In the fall of 2012, UVA's Weldon Cooper Center for Public Service issued its population projections for 2020 and beyond. They forecast a slowdown in population growth overall for the Commonwealth, with Southside and Southwest Virginia barely growing at all.

But their projections came with a grain of salt.

Following Up on Mark Warner’s 2014 Performance

Before the 2014 election I wrote about specific areas to watch for sorting out ongoing political trends in Virginia. After Mark Warner's nail-biting reelection night, I tore apart the Warner campaign's claim that they ran significantly ahead of other Democrats in Virginia's rural areas, with a follow-up diary comparing Mark Warner to Tom Perriello. Today, I want to take the time to follow up on some of the areas I picked as canaries in the coal mine of Virginia politics. While dissecting Election 2014 by House of Delegates and State Senate district is still being finalized by the good people at VPAP, here are some preliminary findings.

9th House of Delegates District (Franklin, Henry, Patrick Counties): The 9th had been at the center of Warner's crossover support in 2008, and featured a lively fight by Ward Armstrong after Republicans targeted him in their gerrymandering. The result in 2015? Mark Warner received 36% of the vote, just marginally above Obama's 34% in 2012.

12th House of Delegates District (Montgomery and Giles Counties, Radford City): Warner received 52% of the vote here, higher than Obama's 50% but behind Kaine's 54%. This is a unique district, the influence of Virginia Tech makes it very different than other Southwest districts. It also remained one of the best districts for Libertarian candidate Robert Sarvis.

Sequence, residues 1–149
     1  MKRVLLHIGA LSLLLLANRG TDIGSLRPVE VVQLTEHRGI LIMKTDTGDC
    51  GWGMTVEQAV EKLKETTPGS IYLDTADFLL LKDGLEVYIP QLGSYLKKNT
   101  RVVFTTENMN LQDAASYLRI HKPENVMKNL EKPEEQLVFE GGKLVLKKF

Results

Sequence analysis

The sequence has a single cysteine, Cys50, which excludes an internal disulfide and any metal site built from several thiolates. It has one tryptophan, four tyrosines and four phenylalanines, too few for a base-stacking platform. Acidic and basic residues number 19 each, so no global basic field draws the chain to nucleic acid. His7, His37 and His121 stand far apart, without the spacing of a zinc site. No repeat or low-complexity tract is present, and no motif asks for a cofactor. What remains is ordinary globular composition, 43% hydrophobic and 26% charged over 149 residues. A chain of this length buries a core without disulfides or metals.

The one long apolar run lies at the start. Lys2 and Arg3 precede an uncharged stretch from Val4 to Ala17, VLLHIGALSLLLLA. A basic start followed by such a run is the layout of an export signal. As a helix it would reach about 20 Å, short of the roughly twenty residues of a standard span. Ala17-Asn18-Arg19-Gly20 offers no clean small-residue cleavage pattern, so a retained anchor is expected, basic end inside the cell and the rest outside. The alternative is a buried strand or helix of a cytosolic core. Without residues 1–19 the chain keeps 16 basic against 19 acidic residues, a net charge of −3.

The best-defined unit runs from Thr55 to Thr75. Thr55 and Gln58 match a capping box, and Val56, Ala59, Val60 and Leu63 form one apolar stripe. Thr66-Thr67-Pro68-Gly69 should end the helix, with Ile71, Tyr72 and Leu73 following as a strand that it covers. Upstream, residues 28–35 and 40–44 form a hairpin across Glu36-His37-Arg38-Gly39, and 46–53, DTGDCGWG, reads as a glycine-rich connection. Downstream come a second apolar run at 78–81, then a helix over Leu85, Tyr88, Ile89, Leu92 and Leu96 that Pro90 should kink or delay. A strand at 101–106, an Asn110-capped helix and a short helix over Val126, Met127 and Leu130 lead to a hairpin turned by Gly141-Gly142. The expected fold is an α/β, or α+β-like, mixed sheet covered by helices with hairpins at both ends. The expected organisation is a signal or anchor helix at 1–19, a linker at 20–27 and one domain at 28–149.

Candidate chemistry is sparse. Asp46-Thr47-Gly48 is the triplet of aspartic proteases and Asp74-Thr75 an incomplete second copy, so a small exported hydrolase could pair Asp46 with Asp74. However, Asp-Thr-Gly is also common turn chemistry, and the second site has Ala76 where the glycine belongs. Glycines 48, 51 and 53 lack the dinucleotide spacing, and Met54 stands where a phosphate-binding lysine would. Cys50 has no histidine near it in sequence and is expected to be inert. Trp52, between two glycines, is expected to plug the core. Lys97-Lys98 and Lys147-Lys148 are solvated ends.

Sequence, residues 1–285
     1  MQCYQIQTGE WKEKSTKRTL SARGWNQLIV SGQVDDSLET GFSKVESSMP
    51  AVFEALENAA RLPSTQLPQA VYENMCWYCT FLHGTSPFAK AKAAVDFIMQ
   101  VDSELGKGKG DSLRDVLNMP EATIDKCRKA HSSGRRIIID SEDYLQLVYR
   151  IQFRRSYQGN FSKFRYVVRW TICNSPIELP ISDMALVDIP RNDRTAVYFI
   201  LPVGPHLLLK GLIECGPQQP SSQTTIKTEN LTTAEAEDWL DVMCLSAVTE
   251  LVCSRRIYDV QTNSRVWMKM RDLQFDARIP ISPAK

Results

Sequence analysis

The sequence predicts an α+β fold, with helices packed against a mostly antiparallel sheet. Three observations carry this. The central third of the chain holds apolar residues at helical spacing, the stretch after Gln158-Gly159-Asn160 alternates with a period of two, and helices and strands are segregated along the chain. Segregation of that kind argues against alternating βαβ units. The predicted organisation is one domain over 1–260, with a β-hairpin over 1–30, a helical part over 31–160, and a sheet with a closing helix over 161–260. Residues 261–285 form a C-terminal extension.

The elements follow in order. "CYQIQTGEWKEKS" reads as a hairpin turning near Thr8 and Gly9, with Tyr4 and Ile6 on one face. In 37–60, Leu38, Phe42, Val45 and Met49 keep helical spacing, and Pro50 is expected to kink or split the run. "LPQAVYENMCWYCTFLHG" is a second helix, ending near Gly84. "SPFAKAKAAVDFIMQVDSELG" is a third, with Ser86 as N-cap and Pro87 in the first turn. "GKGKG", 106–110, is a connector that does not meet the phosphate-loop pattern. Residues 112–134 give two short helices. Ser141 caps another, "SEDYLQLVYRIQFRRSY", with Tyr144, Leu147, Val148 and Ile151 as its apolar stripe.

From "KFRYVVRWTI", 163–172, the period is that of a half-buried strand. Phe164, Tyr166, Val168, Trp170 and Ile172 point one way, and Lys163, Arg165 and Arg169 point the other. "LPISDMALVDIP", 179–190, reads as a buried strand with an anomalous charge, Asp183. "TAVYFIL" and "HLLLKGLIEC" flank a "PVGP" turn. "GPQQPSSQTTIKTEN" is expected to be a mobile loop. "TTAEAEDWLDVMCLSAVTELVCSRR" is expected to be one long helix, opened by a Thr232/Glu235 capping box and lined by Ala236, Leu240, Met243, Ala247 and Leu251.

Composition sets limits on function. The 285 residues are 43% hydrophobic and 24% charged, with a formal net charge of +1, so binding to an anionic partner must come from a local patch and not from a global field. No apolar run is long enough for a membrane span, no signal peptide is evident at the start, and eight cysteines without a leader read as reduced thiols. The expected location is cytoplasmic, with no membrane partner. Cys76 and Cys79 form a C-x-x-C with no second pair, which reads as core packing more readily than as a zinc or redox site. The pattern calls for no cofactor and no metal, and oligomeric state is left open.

6th House of Delegates District (Wythe, Carroll, Smyth Counties): Warner's 34% of the vote is behind Democrat McGrady's 37% from his 2013 delegates race, which somehow House Democrats convinced themselves was in the bag. About the same as Tim Kaine's 34% in 2012, but not an impressive showing based on prior Warner claims about Southwest popularity.

14th (Danville City; Pittsylvania and Henry Counties) & 16th (Pittsylvania and Henry Counties; Martinsville City) House of Delegates Districts: Warner received 48% of the vote in the Danville based 14th, marginally better than expected given his near defeat statewide. His 43% in the 16th was similar; better than normal Democrats, but only by a few points.